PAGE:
In fall 2018, Simmons College is set to rename its new media arts program after the journalist, calling it the Gwen Ifill College of Media, Arts, and Humanities.
Sylvia del Villard
But it’s when she moved to New York City where del Villard began to take an interest in her roots, joining a ballet group called the Africa House. She also went on to establish the Afro-Boricua El Coqui Theater, which the Panamerican Association of the New World Festival named “as the most important authority of Black Puerto Rican culture.”
In the 1970s, she and Carmen Bélen Richardson also spoke out about the racism faced by black artists in Puerto Rico’s media. In 1971, del Villard released a press release “criticizing racist casting practices in television, the limited opportunities for black actors and actresses, and the ongoing use of blackface.”
Felipe Luciano is the founder of the Young Lords New York Branch – a Puerto Rican activist group started in Chicago and New York City with the same missions as the revolutionary Black Panther Party. The Young Lords was “indisputably the main catalyst for the second [US-based boricua] generation’s baptism into radical politics.” Luciano focused on the liberation of oppressed communities.
Luciano grew up underprivileged to a single mother and even through the struggles he was determined enough to go to college and pursue an education. Getting involved in student activism on campus is what led to the creation of the Young Lords and to him joining the Original Last Poets, a coalition of African American and Afro-Puerto Rican poets.
Julia de Burgos
Poet and journalist Julia Constanza Burgos García hailed from Carolina, Puerto Rico. From Puerto Rico to New York to Cuba, Julia de Burgos’ influence is felt in many places. Her poetry addressed themes of feminism and social equality. Her dynamic poetry profoundly influenced many Afro-Caribbean writers who came after her. By age 19, she graduated from the University of Puerto Rico with a teaching degree.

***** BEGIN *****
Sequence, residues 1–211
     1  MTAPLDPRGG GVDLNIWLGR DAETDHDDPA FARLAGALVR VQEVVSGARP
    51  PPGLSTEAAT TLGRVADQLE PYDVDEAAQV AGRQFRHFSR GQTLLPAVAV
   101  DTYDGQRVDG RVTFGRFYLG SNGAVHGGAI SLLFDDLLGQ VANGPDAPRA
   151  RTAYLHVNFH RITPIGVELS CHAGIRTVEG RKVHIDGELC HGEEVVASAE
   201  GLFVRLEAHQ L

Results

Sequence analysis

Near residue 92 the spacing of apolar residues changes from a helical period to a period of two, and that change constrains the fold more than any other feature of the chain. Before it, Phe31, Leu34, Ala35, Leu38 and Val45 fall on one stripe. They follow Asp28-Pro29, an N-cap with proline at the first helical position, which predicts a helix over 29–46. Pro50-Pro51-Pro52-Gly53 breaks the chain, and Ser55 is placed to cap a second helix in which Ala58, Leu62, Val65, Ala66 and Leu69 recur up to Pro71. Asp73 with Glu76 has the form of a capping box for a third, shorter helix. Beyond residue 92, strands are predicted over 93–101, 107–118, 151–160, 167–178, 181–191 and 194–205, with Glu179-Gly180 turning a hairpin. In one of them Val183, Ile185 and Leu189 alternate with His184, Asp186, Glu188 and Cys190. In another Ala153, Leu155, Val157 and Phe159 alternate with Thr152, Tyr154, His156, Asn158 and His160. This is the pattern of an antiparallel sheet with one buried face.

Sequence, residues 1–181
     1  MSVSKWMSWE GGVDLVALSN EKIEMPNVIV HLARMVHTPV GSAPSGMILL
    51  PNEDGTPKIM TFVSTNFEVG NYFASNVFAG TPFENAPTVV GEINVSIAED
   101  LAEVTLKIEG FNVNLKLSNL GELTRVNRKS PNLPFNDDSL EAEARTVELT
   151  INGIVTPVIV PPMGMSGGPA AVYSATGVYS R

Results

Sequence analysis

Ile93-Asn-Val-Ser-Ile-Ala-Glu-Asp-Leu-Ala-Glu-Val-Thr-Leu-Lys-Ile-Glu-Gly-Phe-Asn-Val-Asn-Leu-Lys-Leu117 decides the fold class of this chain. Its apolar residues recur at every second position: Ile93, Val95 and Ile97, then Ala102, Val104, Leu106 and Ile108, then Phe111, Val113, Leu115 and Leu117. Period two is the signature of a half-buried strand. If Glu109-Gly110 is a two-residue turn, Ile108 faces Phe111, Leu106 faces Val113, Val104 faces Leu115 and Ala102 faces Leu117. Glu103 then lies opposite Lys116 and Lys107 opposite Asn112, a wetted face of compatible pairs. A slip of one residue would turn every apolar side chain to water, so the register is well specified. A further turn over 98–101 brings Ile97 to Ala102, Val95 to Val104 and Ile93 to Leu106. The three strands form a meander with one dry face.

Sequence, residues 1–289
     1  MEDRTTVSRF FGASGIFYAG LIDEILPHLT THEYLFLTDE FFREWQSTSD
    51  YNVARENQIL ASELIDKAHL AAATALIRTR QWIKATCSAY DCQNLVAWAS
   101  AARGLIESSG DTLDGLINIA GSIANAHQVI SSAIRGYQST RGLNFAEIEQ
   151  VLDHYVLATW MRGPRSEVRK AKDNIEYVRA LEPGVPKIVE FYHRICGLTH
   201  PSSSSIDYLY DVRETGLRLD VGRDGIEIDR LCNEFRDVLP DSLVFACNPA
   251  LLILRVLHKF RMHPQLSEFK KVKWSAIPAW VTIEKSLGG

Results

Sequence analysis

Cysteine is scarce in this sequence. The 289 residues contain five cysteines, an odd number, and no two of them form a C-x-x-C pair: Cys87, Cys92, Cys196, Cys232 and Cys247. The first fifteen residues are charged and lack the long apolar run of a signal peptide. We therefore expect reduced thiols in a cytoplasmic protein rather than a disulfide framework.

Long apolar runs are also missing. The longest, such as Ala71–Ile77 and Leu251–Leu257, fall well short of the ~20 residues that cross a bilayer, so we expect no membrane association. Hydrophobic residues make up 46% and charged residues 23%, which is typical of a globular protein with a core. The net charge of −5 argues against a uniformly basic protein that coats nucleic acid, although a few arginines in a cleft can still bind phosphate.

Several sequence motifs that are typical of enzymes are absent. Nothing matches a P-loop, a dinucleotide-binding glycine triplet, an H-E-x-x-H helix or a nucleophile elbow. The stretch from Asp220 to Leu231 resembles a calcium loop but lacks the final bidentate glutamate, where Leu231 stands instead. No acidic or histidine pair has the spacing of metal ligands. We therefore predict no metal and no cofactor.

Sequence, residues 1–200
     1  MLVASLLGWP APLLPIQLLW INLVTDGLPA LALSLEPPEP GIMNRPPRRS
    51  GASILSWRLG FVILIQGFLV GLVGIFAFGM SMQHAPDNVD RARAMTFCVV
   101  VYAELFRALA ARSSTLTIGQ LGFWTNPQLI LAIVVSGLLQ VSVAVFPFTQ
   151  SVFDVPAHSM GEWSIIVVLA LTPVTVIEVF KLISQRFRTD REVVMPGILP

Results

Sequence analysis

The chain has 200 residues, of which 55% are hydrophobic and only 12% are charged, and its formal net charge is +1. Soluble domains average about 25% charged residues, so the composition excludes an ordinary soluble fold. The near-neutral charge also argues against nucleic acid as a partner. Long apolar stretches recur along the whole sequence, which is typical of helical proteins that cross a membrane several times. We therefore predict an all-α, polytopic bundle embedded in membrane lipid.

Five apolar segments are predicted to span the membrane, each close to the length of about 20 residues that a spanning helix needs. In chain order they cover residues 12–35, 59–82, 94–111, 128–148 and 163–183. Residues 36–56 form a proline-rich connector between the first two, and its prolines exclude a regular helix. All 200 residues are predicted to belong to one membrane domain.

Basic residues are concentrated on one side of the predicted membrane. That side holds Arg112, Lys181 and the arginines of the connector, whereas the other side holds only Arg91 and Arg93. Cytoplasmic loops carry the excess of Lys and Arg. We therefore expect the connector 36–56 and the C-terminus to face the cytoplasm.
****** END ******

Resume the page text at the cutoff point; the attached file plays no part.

Joining the Daughters of Freedom and the women’s branch of the Puerto Rican Nationalist Party, she remained committed to supporting feminism and the Nuyorican Movement.
De Burgos celebrated her blackness in her poem Ay, Ay, Ay de la Grifa Negra, which in part reads, “ay ay ay, que soy grifa y pura negra/grifería en mi pelo, cafrería en mis labios/y mi chata nariz mozambiquea.”
As Vanessa Perez Rosario’s Becoming Julia de Burgos: The Making of a Puerto Rican Icon notes, critics said she symbolized the “wounded cry of our national conscience reflecting the solitude of our darker political hour.”
After moving to New York, he became an important figure in the Harlem Renaissance. He also joined the Revolutionary Committee of Puerto Rico and co-founded the Negro Society for Historical Research, which united African, Caribbean, and African-American scholars. He later served as the president of the American Negro Academy, which focuses on black history and literature.
In 1925, Schomburg found the Negro Literature, History, and Prints Division of the 135th Street Branch Library. It later became known as the Schomburg Center for Research in Black Culture, a “leading cultural [institution] in the world devoted to the preservations of materials focused on African-American, African Diaspora, and African experiences. Recognized for its prominence in digital humanities, scholarly research, and vast collection spanning over 10 million items, the Schomburg Center won the National Media for Museum and Library Service in 2015.”